Sunday, June 5, 2022

Planting Natives: Beautiful Colorado Flowers

The push to plant natives to make habitat for native animals, particularly birds (see previous post link) touches our often-negative attitudes toward native plants (wild plants). "Really, I should plant that stuff?"

Colorado grassland
A bit of native Colorado grassland in June 
The thistle in front is native, wavy-leaf thistle, the blue flax (Linum lewisii) are hard to spot, the red-orange hawkweed (Hieracium) is from Europe, the yellow is a wallflower (Erysimum), and a diverse collection of hardy grasses.

Our local plants are really beautiful! I'm writing about northern Colorado today, I wrote about central California last week (link). If I had the photos, I could write a "beautiful natives" post for every region in the country.

I think we make two, much-too-simple categories: "plants in gardens" and "all other plants." The "all other plants" group includes the conspicuous weeds, and we don't always look beyond them. The annoying weeds tend to be from Eurasia and, so, not native. Surrounding yourself with natives offers you hundreds of plants of fascinating shapes and vibrant colors. Take a look:

These are wonderful Colorado plants, native to moderate elevations on the Front Range (mountains have complex habitats so most Colorado plants are not suitable just anywhere in Colorado.) 

There are native trees like Colorado blue spruce, Picea pungens. Oh, it gets big, but not very fast. And there are dwarf varieties that also provide good bird and insect habitat.

Colorado blue spruce
Colorado blue spruce, Picea pungens

 For smaller trees, consider chokecherry, Prunus virginiana, attractive to pollinators and fruit-eating birds. 

big chokecherry, Prunus virginiana
big chokecherry, Prunus virginiana

Colorado also has wild plums (Prunus americana) that are pretty small trees, and the very slow-growing, hardy, mountain mahogany (Cercocarpus americana). And many more, for example all the pines and junipers.

For shrubs, there's serviceberry or saskatoon (Amelanchier alnifolia), with a burst of white flowers in May and fruits that attract robins in June. 

serviceberry, Amerlanchier alnifolia
serviceberry, Amerlanchier alnifolia

Another native shrub is creeping hollygrape (Berberis repens), variously called Oregon grape and Mahonia repens.  It has shiny holly-like leaves, yellow flowers that bees love, and attractive blue "grapes." 

creeping hollygrape, Berberis repens
creeping hollygrape, Berberis repens

Another striking native is rabbitbrush, Ericameria nauseosus. It gets about three feet tall and puts on a dramatic show of intense yellow late in the fall, drawing migrating butterflies and many other pollinators.

rabbitbrush, Ericameria nauseosus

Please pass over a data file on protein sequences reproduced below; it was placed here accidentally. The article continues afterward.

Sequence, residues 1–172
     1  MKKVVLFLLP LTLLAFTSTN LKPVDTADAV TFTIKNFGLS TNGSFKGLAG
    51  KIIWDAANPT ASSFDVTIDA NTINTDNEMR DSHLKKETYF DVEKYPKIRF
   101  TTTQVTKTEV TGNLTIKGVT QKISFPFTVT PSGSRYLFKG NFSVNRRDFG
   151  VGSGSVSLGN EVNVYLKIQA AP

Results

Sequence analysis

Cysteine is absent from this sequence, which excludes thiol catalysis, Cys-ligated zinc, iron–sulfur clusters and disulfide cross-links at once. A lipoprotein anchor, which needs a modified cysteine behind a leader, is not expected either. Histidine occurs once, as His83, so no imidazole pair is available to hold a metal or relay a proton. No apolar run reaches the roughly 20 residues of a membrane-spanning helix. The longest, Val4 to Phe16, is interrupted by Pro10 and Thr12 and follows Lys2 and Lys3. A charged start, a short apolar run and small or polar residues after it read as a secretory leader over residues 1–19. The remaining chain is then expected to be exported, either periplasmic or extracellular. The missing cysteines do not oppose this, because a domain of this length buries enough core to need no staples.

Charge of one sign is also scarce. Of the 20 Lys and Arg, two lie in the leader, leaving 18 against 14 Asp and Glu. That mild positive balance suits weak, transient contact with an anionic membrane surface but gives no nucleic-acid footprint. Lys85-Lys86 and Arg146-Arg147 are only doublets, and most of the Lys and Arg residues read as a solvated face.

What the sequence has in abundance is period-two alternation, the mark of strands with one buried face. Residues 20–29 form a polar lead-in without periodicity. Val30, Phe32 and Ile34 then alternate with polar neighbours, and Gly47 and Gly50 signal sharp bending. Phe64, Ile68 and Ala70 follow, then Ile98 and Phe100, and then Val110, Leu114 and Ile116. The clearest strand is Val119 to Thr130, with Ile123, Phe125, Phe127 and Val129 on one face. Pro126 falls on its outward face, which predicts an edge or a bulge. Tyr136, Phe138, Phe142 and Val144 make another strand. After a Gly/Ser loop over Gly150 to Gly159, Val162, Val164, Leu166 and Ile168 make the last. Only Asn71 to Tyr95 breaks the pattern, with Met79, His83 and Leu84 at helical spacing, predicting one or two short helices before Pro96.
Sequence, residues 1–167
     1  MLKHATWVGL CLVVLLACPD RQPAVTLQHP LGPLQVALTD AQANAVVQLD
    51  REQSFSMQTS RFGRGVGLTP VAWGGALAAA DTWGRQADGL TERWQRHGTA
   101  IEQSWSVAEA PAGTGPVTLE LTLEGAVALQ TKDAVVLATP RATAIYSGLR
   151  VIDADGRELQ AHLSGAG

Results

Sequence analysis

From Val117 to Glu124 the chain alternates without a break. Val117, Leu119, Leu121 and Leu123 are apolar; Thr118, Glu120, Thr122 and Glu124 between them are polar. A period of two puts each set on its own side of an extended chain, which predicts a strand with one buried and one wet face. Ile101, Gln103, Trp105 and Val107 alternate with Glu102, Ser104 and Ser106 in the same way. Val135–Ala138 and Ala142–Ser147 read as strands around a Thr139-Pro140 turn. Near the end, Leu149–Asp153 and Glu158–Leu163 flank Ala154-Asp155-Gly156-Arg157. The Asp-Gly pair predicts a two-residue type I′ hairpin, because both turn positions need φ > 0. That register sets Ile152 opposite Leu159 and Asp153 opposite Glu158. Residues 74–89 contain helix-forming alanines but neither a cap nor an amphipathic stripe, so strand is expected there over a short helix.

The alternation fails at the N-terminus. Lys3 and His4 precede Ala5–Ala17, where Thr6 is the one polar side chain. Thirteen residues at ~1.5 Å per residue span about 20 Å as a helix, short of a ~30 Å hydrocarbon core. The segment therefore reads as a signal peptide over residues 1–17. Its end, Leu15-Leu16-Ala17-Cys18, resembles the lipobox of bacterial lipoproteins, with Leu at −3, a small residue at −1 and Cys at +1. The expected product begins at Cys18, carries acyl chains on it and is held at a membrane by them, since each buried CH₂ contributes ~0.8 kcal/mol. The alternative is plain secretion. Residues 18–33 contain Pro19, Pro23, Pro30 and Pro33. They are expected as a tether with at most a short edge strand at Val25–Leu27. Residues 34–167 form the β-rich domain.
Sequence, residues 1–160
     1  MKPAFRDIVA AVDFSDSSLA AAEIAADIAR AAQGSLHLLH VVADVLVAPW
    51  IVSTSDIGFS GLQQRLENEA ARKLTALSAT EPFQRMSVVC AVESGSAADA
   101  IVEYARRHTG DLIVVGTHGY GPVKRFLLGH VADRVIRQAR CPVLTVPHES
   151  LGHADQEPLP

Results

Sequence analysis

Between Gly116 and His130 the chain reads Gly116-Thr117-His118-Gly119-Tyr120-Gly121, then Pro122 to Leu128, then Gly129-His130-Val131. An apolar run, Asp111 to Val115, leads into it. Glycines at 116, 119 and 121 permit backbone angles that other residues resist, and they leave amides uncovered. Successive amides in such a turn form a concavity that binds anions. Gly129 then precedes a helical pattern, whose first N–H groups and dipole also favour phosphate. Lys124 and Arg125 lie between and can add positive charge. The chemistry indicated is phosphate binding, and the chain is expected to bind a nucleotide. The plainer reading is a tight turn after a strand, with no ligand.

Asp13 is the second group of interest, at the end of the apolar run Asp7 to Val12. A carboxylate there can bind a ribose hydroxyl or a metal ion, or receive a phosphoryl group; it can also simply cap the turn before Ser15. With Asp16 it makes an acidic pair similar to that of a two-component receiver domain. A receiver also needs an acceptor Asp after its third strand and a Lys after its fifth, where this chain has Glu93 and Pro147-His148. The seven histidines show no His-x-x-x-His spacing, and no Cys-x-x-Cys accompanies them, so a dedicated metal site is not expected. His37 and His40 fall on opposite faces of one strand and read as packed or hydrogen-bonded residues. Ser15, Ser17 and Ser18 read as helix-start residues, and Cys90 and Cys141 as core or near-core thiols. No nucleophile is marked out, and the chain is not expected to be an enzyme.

rabbitbrush, Ericameria nauseosus

Oh, and one more, shrubby cinquefoil, Potentilla fruticosa (Dasiphora fruticosa), with white or yellow rose-like flowers. So pretty! (Note red serviceberry fruits on the plants behind and in front of the cinquefoil). 

shrubby cinquefoil, Potentilla fruticosa (Dasiphora fruticosa)
shrubby cinquefoil, Potentilla fruticosa 

For flowering herbs, its easy. Some of our natives have been moved around the world as garden flowers, including blanket flower, Gaillardia. (I tried to choose photos of the plants in the wild, so they are scruffier than garden flowers. )

blanket flower, Gaillardia
blanket flower, Gaillardia aristata


Colorado columbine, Aquilegia coerulea
Colorado columbine, Aquilegia coerulea

Colorado columbines come in many colors, blue, purple, red, yellow, and white. Shown is the state flower.

Echinacea, cone flower, genus Echinacea, can be found as a garden plant all around the world. There are several species in North America, two in Colorado. Ours can have flowers from almost green, to pink, to strongly purple.  I saw this one when hiking near my home.

cone flower, Echinacea
cone flower, Echinacea

Wild geraniums (genus Geranium) are lovely plants with pretty divided leaves and flowers from purple to white. Colorado has several species. See the tiny bee in the flower?

wild geranium, Geranium viscossimum
wild geranium, Geranium viscossimum

Larkspurs, genus Delphinium, are dramatic plants in the Colorado grasslands and mountain meadows. There are several common species.
larkspur, Delphinium
larkspur, Delphinium

North America has about 150 species of evening primroses (Oenothera), some common, some quite rare. Colorado's grasslands have atleast 10 species. Here is a glorious one, blooming on natural area grassland in May. Evening in their name is because most open their flowers in the evening. This one will soon fade in the morning light. 

Oenothera, evening primrose
 evening primrose, Oenothera

Before this gets too long, one more group of attractive native plants that make good garden plants, the beardtongues, penstemons (genus Penstemon). Colorado has with more than 50 native species, in colors from white to red to blue and purple. The tall handsome flower spikes attract bees and butterflies. 

beardtongue, Penstemon
beardtongue, Penstemon
Wow, I can go on and on. There are so many more bright-colored, easy-to-grow Colorado native plants that make good garden plants. Natives are beautiful! 

Comments and corrections welcome.

Kathy Keeler, A Wandering Botanist
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More about some of these plants:

Colorado blue spruce link

chokecherry link

saskatoon, serviceberry link

creeping hollygrape link

rabbitbrush link

shrubby cinquefoil link

blanket flower link

columbine link

echinacea and other coneflowers link

wild geranium link

larkspur link

evening primrose link

Yes, I've been writing this blog a long time...

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